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Community Blog What is DeFi and How is AI Creating New Opportunities In the Sector?

What is DeFi and How is AI Creating New Opportunities In the Sector?

With AI at the forefront, decentralized finance (DeFi) is driving change in a traditional sector.

Decentralized finance (DeFi) continues to build momentum as a disruptor of the finance sector. But will it ultimately transform the industry completely?

While this is unlikely in the near term, DeFi – combined with blockchain and distributed ledger technologies – is exposing inefficiencies and costs in existing processes and asking serious questions of traditional centralized finance models.

While some new market entrants tout DeFI as eventually replacing an incumbent financial system weighted against the individual, many banks and other finance institutions are evaluating the opportunities DeFi presents to win consumers willing to embrace new digital-only models and organizations.

So what is DeFi? Put simply, DeFi cuts out the middleman in financial transactions and interactions between two parties – effectively making exchanges, brokers and banks redundant. Smart contracts – contracts that execute on the basis of code that incorporates an agreement between the two parties and reside in a blockchain network – enable these transactions that, as Deloitte notes, occur peer-to-peer or through liquidity pools and automated market matching.

Proponents of DeFi like leading open source blockchain and smart contract provider Ethereum, claim with the new model, markets are “always open”, with no centralized authorities blocking payments or denying access, while previously slow and human error-prone services are automatic and safer, due to being handled by code “anyone can inspect and scrutinize.”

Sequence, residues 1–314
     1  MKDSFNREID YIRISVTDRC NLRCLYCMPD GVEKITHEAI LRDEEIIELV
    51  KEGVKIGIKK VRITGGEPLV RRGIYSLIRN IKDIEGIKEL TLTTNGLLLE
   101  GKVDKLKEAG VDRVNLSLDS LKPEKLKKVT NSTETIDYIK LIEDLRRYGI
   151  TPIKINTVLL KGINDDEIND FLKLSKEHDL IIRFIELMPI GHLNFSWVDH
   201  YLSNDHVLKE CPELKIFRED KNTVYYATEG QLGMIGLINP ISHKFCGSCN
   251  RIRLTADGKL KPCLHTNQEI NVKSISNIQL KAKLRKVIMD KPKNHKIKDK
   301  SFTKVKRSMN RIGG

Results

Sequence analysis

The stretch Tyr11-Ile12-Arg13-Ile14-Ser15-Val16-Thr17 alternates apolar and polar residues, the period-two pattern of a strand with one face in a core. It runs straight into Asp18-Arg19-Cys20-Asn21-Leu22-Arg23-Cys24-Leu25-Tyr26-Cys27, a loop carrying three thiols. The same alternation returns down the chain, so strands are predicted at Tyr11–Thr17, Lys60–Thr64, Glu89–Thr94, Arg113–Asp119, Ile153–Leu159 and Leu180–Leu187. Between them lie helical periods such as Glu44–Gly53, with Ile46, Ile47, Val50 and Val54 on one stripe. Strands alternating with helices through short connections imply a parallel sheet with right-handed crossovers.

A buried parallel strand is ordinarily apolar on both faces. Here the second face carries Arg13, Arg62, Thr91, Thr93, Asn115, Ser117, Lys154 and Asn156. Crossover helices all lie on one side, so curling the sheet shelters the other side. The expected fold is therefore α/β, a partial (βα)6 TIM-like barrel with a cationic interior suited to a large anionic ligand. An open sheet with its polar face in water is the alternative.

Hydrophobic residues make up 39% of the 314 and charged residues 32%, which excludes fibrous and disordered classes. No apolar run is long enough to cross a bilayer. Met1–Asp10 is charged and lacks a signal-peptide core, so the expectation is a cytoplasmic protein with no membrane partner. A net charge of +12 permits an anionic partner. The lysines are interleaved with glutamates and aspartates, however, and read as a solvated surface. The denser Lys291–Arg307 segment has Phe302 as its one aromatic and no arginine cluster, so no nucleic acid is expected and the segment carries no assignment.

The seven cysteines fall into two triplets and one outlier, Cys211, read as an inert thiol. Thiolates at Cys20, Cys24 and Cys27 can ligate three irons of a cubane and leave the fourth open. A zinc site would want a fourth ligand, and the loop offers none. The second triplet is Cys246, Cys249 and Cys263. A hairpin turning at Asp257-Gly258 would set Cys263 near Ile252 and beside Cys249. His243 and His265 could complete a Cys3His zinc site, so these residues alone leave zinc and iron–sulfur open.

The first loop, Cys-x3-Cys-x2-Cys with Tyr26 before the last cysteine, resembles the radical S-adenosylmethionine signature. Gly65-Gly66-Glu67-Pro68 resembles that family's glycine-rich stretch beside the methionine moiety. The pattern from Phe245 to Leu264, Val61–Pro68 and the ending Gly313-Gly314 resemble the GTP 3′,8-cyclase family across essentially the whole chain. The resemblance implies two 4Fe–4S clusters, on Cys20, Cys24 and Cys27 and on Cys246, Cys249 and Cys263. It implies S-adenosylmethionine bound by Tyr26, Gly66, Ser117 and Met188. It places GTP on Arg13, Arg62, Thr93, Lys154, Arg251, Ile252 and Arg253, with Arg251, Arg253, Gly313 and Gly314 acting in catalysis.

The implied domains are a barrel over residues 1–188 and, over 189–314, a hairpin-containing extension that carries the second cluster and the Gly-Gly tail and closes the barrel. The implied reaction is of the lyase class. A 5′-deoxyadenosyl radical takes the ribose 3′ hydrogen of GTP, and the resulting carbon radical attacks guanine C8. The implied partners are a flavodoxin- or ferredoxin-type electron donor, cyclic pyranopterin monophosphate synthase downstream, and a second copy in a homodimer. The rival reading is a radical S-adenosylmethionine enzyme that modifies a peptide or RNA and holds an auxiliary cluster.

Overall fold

Leading DeFi applications include:

  • Decentralized exchanges that enable secure peer-to-peer cryptocurrency transactions
  • Decentralized lending platforms that provide loans to businesses or the public
  • ‘Wrapped’ bitcoins, or tokens that represent the decentralized digital currency bitcoin on Ethereum and enable bitcoin holders to work with DeFi apps on the network
  • Prediction markets that enable traders to place bets on future events

A Surging Industry

Despite DeFi still being at a fledgling stage, the industry is surging; according to DeFi Pulse, the value of assets used in decentralized finance climbed to $100 billion in late 2021. With DeFi and dApps – applications that operate autonomously and run on decentralized, or blockchain, systems – new financial services and models are accessible to any user with internet access. dApps are kept secure by ‘consensus mechanisms’ that aim to ensure general agreement on network states to enable activities to proceed.

One of the leading financial services dApps is MakerDAO, an open source project on Ethereum and a Decentralized Autonomous Organization (defined on MakerDAO’s website as “a social or technical community centered on a particular mission or project”) that manages the Maker Protocol, one of the largest dApps on Ethereum, and Dai, a decentralized, unbiased, collateral-backed cryptocurrency soft-pegged to the US dollar so it can be classified as a ‘stablecoin’, or a currency created to hold a relatively stable value.

The organization claims Dai has helped Argentinians hedge against the devaluation of the Argentinian peso and Venezuelans take similar measures in relation to the Venezuelan bolivar, while residents of an island in Vanuatu were awarded 50 Dai to pay local vendors, avoiding high transfer fees. It also claims to deliver considerable benefits spanning savings, cross-border remittances and market stability for traders.